If you're looking for a better way to log your workouts, try your phone. New research published in JAMA suggests that most smartphone apps are just as reliable and accurate for tracking fitness as other wearable devices, like pedometers and accelerometers. They're also cheaper. A good accelerometer can set you back anywhere from $25 to $250, but if you already own a smartphone, most mainstream fitness apps don't cost more than a few bucks. Many are even free.
So step up your workout game and track progress reliably with these handy fitness apps.
For the Runner
The Nike+ Running app is designed to help you reach your goals. Focus on speed or distance, and stock up on digital trophies as you hit new milestones. The app comes with GPS and a time tracking capability, as well as a calorie counter. It also has built-in training programs for distances ranging from 5Ks to full marathons. Plus, Nike+ syncs up with your music and gives you the option to program "power songs" that play when you need an extra boost. Want a workout pal? Buddy up with friends on the app to track each other's progress and challenge one another.
For the Yogi
Want a yoga teacher in your living room? Yoga Studio offers 65 yoga (and meditation) classes, complete with nearly 300 different poses. The app allows you to track your progress, mark your favorites, and schedule future workouts so you never miss a class. Not into the sequences offered? Spice things up by building your own. Focus on strength, flexibility, balance, relaxation, or a combination of the styles. And with videos to go with each exercise, you can always look to the "teacher" to check your form and stay on track. Namaste to that!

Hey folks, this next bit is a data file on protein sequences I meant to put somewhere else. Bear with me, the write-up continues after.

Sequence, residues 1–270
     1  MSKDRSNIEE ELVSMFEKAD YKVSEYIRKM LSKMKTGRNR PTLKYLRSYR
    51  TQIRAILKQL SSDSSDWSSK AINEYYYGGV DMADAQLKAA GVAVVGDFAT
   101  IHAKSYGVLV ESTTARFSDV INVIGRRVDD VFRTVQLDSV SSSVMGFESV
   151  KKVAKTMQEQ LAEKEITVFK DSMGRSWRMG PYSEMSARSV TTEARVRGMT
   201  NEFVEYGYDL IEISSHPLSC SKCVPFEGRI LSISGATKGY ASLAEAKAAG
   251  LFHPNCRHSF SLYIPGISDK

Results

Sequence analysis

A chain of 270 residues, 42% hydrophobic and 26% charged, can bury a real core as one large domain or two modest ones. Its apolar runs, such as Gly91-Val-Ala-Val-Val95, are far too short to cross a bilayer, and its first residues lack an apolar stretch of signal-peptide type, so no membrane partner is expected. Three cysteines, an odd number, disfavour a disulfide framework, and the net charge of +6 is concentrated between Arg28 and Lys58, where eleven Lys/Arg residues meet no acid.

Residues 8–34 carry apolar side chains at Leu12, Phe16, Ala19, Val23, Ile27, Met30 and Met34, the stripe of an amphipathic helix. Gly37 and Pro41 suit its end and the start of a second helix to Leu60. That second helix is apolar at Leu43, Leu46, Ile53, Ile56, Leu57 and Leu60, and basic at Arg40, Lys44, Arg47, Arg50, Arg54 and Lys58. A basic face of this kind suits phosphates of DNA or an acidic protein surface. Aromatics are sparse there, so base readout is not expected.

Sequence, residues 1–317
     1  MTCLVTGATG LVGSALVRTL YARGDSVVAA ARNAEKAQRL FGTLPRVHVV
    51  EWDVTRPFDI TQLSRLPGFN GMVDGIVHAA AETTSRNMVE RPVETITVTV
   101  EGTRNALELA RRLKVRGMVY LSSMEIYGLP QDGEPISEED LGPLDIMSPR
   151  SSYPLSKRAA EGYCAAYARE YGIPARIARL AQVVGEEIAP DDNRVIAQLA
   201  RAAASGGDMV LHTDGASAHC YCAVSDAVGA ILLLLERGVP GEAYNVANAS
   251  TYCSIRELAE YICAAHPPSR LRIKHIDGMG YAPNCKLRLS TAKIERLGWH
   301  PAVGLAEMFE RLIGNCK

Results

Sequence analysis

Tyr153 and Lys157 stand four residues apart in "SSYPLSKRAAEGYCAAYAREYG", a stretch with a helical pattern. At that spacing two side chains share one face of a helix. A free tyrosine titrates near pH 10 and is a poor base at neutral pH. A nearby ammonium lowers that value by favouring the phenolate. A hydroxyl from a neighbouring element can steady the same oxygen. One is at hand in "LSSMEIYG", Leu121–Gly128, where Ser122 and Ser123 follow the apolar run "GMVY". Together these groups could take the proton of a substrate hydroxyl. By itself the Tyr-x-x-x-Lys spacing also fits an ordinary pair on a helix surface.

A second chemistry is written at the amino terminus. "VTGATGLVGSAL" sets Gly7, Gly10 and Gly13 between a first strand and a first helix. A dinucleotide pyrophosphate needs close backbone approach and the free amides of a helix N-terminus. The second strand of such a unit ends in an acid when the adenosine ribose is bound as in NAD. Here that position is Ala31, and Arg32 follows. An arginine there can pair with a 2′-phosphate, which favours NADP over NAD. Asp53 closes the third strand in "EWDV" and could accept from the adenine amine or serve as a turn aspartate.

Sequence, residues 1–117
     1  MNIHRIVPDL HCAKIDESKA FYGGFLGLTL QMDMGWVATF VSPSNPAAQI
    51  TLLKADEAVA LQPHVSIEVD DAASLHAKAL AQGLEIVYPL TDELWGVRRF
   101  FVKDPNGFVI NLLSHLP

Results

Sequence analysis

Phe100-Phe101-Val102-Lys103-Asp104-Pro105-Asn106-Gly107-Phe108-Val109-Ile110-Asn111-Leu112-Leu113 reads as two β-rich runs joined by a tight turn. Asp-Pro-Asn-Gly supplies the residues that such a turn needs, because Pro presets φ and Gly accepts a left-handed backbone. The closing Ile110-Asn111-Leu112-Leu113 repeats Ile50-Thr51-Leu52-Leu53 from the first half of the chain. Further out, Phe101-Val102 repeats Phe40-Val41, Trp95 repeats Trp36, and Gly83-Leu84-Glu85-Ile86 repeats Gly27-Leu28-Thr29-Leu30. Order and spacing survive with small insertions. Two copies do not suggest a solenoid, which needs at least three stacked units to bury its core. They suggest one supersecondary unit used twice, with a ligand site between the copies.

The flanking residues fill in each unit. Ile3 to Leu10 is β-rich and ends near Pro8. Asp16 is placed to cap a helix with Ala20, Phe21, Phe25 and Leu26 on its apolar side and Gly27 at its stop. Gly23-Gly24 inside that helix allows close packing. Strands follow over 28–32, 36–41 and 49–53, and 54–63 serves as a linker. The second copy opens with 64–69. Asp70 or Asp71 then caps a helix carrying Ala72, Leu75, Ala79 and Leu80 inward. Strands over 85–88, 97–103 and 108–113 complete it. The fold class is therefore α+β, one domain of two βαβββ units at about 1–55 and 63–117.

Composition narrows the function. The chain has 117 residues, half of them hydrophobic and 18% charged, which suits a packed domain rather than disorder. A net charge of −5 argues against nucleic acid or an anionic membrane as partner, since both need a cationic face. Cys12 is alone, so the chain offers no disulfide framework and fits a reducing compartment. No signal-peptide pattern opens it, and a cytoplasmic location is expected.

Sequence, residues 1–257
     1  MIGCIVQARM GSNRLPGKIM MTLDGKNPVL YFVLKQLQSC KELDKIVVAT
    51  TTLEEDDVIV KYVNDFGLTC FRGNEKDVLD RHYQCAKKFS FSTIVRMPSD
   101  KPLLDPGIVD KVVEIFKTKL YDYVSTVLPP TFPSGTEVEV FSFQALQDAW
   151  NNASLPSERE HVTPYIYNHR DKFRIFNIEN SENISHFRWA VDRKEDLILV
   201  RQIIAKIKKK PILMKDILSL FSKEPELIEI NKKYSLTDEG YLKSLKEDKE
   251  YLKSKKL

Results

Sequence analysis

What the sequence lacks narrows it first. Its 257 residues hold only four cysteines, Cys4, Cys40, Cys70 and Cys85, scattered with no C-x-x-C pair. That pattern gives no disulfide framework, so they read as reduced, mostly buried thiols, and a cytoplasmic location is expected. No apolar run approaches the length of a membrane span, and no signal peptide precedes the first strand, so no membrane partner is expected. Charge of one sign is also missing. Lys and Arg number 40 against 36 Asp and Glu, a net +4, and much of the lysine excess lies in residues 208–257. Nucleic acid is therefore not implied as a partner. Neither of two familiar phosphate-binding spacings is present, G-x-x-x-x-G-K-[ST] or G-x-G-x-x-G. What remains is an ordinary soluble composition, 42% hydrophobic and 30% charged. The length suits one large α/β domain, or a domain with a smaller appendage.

To buy: $4, itunes.com
For the Cyclist
If your favorite form of fitness involves two wheels, Strava can help you train. Its GPS and timer track your workouts and report elevation gains, overall speed, and calories burned. Riders with a competitive streak can climb the leader boards by setting personal records or overall speed records over stretches of road or bike path that see a lot of traffic. Find your cyclist friends on Strava, and cheer them on by giving out kudos and comments on their own rides. They can do the same for you.
For the Outdoorsy Athlete
Get most of your physical activity outside? Adventurers of all types can train harder with The North Face's Mountain Athletics app. The six-week training programs are based on gender and catered toward six different areas: backcountry skiing, all-mountain skiing, running, alpine climbing, rock climbing, and general fitness. Step-by-step videos demonstrate workouts and proper form. Athletes can work toward improvement in their specific sports to up stamina, technique, and overall performance. Use the app's tracking tools to keep count of the time you spend working out and view summary reports of your progress so far.
To buy: Free, itunes.com
Maybe you're not looking to run a marathon or climb a mountain. You just want to step up your physical activity in an effort to stay healthy. Movement tracker Human may be your best bet. The goal of the Human app is to inspire you to move for at least 30 minutes each day. It automatically tracks walking, running, and biking, while counting time, distance traveled, and calories burned. Though not specifically categorized, Human also keeps track of your other movements—think cleaning the house, heading to the mall, and hitting the dance floor—so you know exactly how much activity you log each day.
To buy: Free, itunes.com
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